Anyway, that’s it for now. I don’t expect to see much of Bob for a while unfortunately as he has some other priorities to occupy him, but I’m very self-sufficient and will get by as I’ve done so far since I arrived. My next purchase early next week will be a heavy duty motorized grass cutter and brush clearer so I can get cracking outside. The greenery is way above the window sills – I’ll post some pics soon so you can see what I mean. In the meantime I shall be exhorting the weather gods to do something about the cold and rain that I’ve been on the receiving end of almost non-stop since arriving here. The car thermometer went up to 26 degrees on one day but that now seems like a distant memory. I just want it to get back up there before I start on the job of cleaning the house as it will take a lot of water, all of which will then need to dry out again. What’s the opposite of a rain dance?

May 12, 2012

And finally…

My move to France has taken so long that when I turned up at the last couple of Medway club meetings, people did a double-take and said, ‘You still here?’ And it happened again today when I went into Stoke with Peter for a final flight (for a few months at least anyway…) in the X’air. But this time it was for real and I was sad to think that I won’t be seeing the old gang again, possibly for quite a while. I’ll miss the customary jokes, banter, insults and leg-pulling and all the little things that make you feel that you’re part of a club. So until the next time, thanks to Chris and Karen, Slip and Claire, Tony and Rosemary, Sue and Steve, Pam, Blow Job, John, Andrew, Paul and Sarah, Kirk, Roger and Roger, Popey, Gary, young Blair and all the other members whose names I’ve missed or forgotten to include. It was great knowing you all and I hope I get the chance to see you all again some time before too long. Until then keep making sure that you fly safe 😉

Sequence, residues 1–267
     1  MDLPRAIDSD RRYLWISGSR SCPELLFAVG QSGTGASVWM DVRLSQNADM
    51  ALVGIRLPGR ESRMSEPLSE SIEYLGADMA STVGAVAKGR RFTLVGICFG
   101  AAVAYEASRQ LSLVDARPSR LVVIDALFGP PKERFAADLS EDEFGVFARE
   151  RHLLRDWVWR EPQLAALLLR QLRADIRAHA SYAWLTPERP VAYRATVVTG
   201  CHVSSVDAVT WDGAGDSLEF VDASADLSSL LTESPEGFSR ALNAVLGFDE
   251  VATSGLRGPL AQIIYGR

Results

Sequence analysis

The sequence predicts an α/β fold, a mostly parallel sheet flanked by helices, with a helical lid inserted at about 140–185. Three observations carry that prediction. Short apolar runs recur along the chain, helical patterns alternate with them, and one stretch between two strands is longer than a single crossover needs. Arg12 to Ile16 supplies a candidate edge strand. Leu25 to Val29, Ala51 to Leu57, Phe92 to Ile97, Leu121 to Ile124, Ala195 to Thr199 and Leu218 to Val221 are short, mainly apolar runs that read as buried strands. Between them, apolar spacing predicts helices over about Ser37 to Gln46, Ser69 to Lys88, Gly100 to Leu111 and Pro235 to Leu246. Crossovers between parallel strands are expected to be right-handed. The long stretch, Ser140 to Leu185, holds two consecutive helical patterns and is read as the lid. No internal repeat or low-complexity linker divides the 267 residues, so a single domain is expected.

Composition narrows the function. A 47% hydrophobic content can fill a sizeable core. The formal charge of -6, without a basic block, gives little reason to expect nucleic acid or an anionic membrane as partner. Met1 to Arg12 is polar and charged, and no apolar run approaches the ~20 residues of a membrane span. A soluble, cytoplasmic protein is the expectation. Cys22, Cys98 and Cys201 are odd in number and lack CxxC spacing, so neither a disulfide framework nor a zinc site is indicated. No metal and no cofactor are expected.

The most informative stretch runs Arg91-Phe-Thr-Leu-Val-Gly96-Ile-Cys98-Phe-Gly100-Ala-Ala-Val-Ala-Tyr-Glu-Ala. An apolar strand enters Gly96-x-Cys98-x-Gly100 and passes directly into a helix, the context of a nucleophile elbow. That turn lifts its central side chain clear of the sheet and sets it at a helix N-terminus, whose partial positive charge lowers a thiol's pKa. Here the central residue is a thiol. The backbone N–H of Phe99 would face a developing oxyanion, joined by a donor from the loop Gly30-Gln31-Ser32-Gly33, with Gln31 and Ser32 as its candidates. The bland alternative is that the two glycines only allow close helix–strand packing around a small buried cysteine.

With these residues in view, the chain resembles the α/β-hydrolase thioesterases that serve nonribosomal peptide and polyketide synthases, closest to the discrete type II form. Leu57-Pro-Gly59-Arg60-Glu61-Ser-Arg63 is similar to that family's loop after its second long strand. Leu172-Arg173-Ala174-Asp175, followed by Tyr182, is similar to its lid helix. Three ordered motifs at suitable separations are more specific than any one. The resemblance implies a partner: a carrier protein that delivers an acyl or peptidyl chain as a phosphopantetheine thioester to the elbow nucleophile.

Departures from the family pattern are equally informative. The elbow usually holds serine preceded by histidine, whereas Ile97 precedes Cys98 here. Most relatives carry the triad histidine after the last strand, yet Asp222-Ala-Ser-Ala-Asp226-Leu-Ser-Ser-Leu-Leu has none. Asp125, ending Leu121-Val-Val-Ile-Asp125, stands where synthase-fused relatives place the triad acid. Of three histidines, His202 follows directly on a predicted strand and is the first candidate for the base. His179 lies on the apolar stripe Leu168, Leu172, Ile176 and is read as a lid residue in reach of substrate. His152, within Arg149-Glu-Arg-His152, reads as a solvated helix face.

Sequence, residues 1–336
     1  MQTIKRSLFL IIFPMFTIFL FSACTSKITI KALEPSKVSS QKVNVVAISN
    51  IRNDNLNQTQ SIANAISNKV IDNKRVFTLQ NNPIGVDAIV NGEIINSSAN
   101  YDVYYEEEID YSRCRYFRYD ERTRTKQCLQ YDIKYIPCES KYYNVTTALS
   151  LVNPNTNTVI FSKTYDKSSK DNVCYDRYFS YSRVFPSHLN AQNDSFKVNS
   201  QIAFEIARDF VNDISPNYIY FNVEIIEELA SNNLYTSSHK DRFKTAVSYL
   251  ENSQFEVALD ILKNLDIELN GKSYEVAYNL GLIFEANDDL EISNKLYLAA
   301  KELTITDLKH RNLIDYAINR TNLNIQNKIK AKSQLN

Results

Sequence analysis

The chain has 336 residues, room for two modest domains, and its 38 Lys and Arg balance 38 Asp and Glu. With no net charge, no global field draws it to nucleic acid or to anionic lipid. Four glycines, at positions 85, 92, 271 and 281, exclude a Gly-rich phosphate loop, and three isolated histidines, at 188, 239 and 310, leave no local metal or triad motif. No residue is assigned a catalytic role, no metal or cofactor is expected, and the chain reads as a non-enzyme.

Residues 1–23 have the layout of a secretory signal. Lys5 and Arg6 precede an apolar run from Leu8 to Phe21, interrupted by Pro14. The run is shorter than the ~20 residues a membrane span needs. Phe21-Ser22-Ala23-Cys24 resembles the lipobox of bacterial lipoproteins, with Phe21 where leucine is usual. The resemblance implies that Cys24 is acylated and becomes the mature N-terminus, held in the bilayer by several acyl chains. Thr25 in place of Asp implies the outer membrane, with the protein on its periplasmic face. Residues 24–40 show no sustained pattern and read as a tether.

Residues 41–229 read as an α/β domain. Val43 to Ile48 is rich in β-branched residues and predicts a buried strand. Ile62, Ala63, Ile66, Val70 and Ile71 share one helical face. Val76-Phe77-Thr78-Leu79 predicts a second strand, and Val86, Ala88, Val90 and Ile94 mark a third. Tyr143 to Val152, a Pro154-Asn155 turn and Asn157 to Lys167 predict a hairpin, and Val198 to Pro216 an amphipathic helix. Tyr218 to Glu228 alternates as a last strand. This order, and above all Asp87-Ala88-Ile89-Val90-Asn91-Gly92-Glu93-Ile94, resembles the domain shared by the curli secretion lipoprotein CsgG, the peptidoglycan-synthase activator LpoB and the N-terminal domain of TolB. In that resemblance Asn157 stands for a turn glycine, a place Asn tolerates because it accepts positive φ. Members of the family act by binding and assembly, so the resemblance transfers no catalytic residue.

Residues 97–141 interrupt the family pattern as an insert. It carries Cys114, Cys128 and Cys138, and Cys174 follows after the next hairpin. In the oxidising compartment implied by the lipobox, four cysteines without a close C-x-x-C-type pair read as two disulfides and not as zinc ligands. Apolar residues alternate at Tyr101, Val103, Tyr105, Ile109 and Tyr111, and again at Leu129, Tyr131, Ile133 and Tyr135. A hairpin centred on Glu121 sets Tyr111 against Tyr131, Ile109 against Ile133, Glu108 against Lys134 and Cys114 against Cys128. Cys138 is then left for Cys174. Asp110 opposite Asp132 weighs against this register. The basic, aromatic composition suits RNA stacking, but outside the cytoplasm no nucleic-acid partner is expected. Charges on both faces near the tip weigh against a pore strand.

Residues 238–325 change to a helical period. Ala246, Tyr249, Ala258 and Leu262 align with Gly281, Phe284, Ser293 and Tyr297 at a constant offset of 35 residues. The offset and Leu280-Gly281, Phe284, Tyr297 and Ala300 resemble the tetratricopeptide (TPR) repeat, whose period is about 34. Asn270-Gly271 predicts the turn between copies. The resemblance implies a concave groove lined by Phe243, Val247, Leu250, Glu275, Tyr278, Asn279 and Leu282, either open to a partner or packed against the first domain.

May 11, 2012

At last – a glimmer of hope

Things have become pretty fraught over recent weeks due to the intransigence of the seller of my new house in Plazac and their refusal to complete the sale in a timely manner. Since returning from France over a week ago I have been dependent on the generosity of a friend who has allowed me to ‘camp’ inside a house that they own on more or less an open-ended basis until I am able to make the final move to France. I’ve also not seen Toddie my dog since I left my old house in the truck on April 26th as I could not have him with me and didn’t want to upset him by letting him see me and then having to leave him again. So one way and another the past couple of weeks have not been any kind of a picnic 🙁